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The Rosetta team were hoping for a smooth, spud-shaped comet to land on - but this is what they found. A highliy irregular shape, spinning crazily through the solar system. Photo from the Rosetta spacecraft.
Philae's landing on the surface of the comet was far from smooth - it bounced several times up to a height of 150 metres from the surface, and skidded more than a kilometre from the landing spot, ending up in a shadowy ditch where its solar panels took 7 months to get enough sun to power the lander up again.
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Philae's landing on the surface of the comet was far from smooth - it bounced several times up to a height of 150 metres from the surface, and skidded more than a kilometre from the landing spot, ending up in a shadowy ditch where its solar panels took 7 months to get enough sun to power the lander up again.
The orbit of comet 67P/Churyumov/Gerasimenko - at its closest point it dips into the space between the orbits of Earth and Mars, and at its furthest it's out past Jupter. But the main challenge comes from the fact that it's travelling at over 135,000kmh - huge gravity assists were needed to get Rosetta up to a speed that would allow it to engage with the comet.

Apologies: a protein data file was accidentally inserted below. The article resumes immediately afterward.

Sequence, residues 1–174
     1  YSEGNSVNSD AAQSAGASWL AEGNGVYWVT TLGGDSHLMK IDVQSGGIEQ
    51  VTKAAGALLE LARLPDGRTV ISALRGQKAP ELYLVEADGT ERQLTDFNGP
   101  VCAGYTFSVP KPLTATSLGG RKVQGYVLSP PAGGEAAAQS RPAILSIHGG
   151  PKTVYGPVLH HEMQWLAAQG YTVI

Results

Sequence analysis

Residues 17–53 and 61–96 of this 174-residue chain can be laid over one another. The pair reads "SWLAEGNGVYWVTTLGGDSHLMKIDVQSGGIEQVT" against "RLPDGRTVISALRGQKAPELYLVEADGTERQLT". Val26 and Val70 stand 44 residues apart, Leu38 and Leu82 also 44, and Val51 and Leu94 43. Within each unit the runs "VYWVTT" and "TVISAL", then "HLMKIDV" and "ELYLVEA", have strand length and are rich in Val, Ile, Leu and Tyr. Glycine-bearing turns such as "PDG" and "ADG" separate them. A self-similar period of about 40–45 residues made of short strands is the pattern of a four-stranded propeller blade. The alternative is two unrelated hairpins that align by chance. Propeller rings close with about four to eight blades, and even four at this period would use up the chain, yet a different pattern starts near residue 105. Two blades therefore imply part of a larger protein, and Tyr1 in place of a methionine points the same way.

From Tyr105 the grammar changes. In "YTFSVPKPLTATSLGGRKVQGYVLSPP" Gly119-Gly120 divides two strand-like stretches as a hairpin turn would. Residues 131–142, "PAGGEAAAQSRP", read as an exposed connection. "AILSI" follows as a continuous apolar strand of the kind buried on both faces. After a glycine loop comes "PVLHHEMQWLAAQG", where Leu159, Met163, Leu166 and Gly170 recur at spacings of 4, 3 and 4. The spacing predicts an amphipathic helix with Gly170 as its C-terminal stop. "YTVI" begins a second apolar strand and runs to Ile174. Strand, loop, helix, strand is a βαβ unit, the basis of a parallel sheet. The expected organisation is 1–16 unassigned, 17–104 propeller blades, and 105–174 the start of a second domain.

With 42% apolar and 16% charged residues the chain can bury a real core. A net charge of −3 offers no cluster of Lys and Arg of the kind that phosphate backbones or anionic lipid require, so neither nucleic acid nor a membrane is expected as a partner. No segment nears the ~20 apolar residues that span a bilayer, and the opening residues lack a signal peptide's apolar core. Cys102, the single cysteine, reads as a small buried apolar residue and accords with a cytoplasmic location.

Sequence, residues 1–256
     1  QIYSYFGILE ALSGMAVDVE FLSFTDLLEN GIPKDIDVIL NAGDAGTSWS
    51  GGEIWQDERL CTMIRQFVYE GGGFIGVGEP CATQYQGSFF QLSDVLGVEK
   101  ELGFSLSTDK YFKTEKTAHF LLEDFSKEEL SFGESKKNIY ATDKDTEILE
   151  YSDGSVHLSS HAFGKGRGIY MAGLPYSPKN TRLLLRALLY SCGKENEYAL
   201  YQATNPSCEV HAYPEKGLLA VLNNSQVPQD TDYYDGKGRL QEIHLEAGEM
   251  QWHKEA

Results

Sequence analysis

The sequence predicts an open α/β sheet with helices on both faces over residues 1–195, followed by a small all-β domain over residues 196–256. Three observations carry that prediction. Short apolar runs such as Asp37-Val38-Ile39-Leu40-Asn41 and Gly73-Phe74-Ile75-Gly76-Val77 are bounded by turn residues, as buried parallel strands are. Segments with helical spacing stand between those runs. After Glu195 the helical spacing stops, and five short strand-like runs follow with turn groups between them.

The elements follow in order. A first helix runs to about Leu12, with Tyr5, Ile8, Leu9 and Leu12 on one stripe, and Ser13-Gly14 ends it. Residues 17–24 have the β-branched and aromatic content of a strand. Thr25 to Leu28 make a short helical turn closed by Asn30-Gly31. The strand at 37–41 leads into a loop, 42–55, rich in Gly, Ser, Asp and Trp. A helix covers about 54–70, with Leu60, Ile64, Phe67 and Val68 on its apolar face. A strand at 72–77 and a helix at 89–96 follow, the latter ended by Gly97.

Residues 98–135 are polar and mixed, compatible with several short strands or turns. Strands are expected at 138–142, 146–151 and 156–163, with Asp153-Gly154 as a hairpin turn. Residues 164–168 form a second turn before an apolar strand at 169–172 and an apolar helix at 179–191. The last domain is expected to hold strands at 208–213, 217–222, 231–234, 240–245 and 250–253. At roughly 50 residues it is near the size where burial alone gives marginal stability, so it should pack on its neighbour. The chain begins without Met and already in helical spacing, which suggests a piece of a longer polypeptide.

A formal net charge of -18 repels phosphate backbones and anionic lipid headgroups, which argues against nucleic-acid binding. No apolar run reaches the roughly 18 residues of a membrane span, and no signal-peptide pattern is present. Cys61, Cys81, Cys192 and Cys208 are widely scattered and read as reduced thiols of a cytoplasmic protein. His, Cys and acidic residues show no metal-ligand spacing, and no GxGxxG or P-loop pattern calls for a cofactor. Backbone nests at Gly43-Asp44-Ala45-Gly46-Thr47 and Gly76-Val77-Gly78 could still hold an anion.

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The orbit of comet 67P/Churyumov/Gerasimenko - at its closest point it dips into the space between the orbits of Earth and Mars, and at its furthest it's out past Jupter. But the main challenge comes from the fact that it's travelling at over 135,000kmh - huge gravity assists were needed to get Rosetta up to a speed that would allow it to engage with the comet.
In our second State of the Game video, we take a brief look at five space missions that will blow your mind
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In our second State of the Game video, we take a brief look at five space missions that will blow your mind